Week 11
Monday 8 November: Section V.1, isolated singularites. Second take-home exam is due.
Wednesday 10 November: Section V.1, Laurent series.
Friday 12 November: Section V.2, the residue theorem.
Week 12
Monday 15 November: Section V.2, computation of integrals via residues.
Wednesday 17 November: Section V.2, more computations via residues.
Friday 19 November: Section V.3, Rouché’s theorem and the argument principle.
Week 13
Monday 22 November: Section VI.1, the maximum principle.
Wednesday 24 November: Reading Day, classes do not meet.
Friday 26 November: Thanksgiving Holiday, classes do not meet.
Week 14
Monday 29 November: Section VI.2, the Schwarz lemma.
Wednesday 1 December: Section VI.3, the three circles theorem.
Friday 3 December: Section VI.4, Phragmén–Lindelöf theory.
Week 15
Monday 6 December: review of Math 617.
Wednesday 8 December: preview of Math 618.
Final Exam
Scheduled by the registrar for 8:00–10:00 a.m. on Monday, December 13.

## University Policies

This section contains university-level policies. The TAMU Faculty Senate established the wording of these policies.

### Attendance Policy

The university views class attendance and participation as an individual student responsibility. Students are expected to attend class and to complete all assignments.

Please refer to Student Rule 7 in its entirety for information about excused absences, including definitions, and related documentation and timelines.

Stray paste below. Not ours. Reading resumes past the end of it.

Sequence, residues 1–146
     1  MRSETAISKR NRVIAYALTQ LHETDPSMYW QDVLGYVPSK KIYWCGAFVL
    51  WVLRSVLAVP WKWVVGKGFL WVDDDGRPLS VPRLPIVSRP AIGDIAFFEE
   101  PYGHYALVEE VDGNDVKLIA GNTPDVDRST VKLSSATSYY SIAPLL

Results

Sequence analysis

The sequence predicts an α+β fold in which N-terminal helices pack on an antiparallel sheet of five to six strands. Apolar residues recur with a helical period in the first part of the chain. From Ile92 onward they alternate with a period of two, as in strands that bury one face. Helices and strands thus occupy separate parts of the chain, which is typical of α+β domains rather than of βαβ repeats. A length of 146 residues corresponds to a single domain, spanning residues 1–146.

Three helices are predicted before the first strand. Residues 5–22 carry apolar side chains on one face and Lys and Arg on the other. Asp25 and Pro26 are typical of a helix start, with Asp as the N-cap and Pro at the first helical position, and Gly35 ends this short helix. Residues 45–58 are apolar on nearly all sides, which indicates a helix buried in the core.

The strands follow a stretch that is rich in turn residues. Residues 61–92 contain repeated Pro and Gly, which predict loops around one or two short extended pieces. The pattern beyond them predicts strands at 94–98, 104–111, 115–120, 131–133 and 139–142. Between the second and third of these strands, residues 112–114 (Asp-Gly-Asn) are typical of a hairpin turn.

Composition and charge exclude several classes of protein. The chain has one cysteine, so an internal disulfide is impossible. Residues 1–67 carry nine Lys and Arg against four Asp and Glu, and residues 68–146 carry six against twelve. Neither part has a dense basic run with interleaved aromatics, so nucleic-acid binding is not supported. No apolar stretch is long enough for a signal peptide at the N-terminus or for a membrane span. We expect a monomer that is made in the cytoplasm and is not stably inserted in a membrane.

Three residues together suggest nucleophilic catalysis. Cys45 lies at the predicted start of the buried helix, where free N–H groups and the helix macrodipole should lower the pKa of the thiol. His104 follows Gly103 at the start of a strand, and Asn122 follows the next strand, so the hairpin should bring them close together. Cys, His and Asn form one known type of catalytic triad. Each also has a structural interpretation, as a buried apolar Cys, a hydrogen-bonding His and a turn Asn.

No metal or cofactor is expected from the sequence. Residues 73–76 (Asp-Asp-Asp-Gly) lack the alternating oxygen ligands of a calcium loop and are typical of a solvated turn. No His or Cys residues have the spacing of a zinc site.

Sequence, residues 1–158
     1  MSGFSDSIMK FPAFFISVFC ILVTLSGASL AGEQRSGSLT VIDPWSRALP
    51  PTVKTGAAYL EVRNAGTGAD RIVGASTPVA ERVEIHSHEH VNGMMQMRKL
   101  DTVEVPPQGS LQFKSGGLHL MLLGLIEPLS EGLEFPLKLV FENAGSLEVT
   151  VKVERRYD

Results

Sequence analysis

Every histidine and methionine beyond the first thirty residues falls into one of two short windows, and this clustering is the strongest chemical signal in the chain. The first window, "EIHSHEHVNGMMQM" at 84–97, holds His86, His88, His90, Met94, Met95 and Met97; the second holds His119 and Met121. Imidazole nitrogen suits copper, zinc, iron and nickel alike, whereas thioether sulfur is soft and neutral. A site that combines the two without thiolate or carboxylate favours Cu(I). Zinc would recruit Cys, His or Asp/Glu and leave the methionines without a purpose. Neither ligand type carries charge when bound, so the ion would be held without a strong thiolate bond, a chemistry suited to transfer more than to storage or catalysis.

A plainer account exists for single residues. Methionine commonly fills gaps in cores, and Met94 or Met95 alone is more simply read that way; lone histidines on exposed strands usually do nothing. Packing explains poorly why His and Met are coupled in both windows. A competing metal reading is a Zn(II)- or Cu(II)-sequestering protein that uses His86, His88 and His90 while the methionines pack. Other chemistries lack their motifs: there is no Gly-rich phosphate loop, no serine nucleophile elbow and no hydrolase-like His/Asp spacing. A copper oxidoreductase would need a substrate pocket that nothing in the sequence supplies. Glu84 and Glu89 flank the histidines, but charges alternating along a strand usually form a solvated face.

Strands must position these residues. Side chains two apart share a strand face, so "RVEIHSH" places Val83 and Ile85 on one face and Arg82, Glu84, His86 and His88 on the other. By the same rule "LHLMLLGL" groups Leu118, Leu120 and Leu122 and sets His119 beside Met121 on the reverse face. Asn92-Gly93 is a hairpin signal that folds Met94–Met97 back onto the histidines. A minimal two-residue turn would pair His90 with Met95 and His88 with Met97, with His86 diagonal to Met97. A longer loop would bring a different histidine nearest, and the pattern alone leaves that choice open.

### Makeup Work Policy

Students will be excused from attending class on the day of a graded activity or when attendance contributes to a student’s grade, for the reasons stated in Student Rule 7, or other reason deemed appropriate by the instructor.

Please refer to Student Rule 7 in its entirety for information about makeup work, including definitions, and related documentation and timelines.

“Absences related to Title IX of the Education Amendments of 1972 may necessitate a period of more than 30 days for make-up work, and the timeframe for make-up work should be agreed upon by the student and instructor” (Student Rule 7, Section 7.4.1).

“The instructor is under no obligation to provide an opportunity for the student to make up work missed because of an unexcused absence” (Student Rule 7, Section 7.4.2).

Students who request an excused absence are expected to uphold the Aggie Honor Code and Student Conduct Code. (See Student Rule 24.)

### Academic Integrity Statement and Policy

“An Aggie does not lie, cheat or steal, or tolerate those who do.”

“Texas A&M University students are responsible for authenticating all work submitted to an instructor. If asked, students must be able to produce proof that the item submitted is indeed the work of that student. Students must keep appropriate records at all times. The inability to authenticate one’s work, should the instructor request it, may be sufficient grounds to initiate an academic misconduct case” (Section 20.1.2.3, Student Rule 20).